Einstein/Montefiore Department of Medicine

In The Media

The Washington Post interviews Brian Currie, M.D., M.P.H., about a new medical research data-sharing network to house the records of nearly 30 million Americans. The Patient-Centered Outcomes Research Institute’s network will make it easier to identify patients who could be invited to join clinical trials and conduct comparative effectiveness and clinical outcomes research. Dr. Currie is professor of clinical medicine and of clinical epidemiology & population health at Einstein and assistant dean for clinical research at Montefiore Medical Center.

(Friday, April 18, 2014)

Dr. Currie's Profile
 
 

The Atlantic features research by Arturo Casadevall, M.D., Ph.D., that suggests an easy way to help increase the number of female speakers at conferences. Dr. Casadevall’s study found having at least one woman on the organizing committee of a meeting increased the proportion of female speakers by 72 percent compared with those convened by men alone. Dr. Casadevall is professor and chair of microbiology & immunology and the Leo and Julia Forchheimer Chair in Microbiology & Immunology and director of the Center for Immunological Sciences at Einstein.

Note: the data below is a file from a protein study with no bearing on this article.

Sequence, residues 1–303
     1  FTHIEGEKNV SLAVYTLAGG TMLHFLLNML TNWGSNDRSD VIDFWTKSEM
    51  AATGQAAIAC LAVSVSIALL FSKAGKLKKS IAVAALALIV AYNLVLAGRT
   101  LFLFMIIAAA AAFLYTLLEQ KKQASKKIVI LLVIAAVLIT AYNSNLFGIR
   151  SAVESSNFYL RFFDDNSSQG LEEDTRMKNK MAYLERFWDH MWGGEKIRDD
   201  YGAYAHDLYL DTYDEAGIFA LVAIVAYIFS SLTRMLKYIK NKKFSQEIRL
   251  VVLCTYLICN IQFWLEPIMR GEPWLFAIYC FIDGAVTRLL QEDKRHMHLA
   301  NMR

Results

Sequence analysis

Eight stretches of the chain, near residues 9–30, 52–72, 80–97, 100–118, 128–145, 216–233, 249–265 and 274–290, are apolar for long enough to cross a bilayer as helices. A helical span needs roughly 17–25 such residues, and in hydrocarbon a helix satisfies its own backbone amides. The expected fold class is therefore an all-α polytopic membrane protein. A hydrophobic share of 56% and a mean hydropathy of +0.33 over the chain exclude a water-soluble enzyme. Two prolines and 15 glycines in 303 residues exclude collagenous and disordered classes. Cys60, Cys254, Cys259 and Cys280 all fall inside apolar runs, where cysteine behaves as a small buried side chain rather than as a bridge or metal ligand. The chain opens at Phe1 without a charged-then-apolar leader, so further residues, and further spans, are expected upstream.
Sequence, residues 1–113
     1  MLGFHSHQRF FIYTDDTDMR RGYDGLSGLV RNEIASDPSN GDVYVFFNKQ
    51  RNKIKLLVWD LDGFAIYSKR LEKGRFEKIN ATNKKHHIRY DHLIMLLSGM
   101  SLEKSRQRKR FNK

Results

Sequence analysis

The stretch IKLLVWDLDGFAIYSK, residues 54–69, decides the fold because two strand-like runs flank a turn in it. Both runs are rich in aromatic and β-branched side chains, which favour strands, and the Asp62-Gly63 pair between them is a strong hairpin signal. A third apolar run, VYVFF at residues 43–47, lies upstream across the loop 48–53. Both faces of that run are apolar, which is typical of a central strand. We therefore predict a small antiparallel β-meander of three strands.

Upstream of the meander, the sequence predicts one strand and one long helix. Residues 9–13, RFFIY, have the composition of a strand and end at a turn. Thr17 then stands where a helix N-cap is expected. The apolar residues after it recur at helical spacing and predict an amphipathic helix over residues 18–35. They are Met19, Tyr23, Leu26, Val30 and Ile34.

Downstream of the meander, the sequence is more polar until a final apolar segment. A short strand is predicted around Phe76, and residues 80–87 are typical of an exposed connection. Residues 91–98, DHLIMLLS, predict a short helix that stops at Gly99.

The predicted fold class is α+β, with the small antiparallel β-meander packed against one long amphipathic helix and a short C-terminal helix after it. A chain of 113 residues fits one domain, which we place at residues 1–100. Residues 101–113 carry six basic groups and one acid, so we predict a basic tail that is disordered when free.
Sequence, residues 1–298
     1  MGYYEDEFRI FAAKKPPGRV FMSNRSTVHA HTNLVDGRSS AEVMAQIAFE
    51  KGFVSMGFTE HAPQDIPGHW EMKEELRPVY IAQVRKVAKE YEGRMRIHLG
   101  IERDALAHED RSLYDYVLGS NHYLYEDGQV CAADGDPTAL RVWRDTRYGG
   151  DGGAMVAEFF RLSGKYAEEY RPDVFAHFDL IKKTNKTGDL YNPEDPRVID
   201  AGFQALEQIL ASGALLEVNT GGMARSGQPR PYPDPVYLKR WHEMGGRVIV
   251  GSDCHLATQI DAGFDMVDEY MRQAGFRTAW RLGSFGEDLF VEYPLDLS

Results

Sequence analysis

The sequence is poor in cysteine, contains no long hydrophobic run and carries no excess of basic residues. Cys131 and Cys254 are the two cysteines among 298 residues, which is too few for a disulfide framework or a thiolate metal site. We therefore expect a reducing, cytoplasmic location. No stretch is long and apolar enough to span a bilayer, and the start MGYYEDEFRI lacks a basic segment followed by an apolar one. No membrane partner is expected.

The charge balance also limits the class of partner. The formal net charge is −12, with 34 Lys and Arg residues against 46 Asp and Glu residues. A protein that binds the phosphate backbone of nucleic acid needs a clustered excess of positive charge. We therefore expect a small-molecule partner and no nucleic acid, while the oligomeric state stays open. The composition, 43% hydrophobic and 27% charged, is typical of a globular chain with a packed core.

(Tuesday, January 07, 2014)

Dr. Casadevall's Profile
 
 

WNYC Radio interviews Edward Burns, M.D., about the planned budget deal could restore some funding to the National Institutes of Health. Dr. Burns notes that the sequester – which cut budgets between five to ten percent – was deadly for research and might even stop young scientists from pursuing a research career. Dr. Burns is executive dean and professor of pathology and of medicine. (Audio begins at 1:32)

(Thursday, December 19, 2013)

Dr. Burns' Profile
 
 

BBC News interviews Harry Ostrer, M.D., and The New York Times cites research by Gil Atzmon, Ph.D., in two articles about a new study on Jewish genetic history. The new study analyzed mitochondrial DNA, genetic information inherited through women, and found that at least 80 percent of Ashkenazi maternal ancestry hailed from Europe, not the Middle East, suggesting that many European Jewish communities were founded by men who married and converted local women. Dr. Ostrer is professor of pathology, of genetics and of pediatrics at Einstein and director of genetic and genomic testing at Montefiore Medical Center. Dr. Atzmon is associate professor of medicine and of genetics.

(Wednesday, October 09, 2013)

Dr. Ostrer's Profile | Dr. Atzmon's Profile
 
 

CBSNews.com interviews Lou Weiss, M.D., M.P.H., about a new blood test that determines whether a person's respiratory illness is caused by virus or bacteria. Dr. Weiss explains that the test, which provides results in only 12 hours, has the potential to be extremely beneficial because it can help with diagnosis and prevent doctors from giving unnecessary antibiotics, which drives the growing problem of antibiotic resistance. Dr. Weiss is professor of pathology and of medicine at Einstein.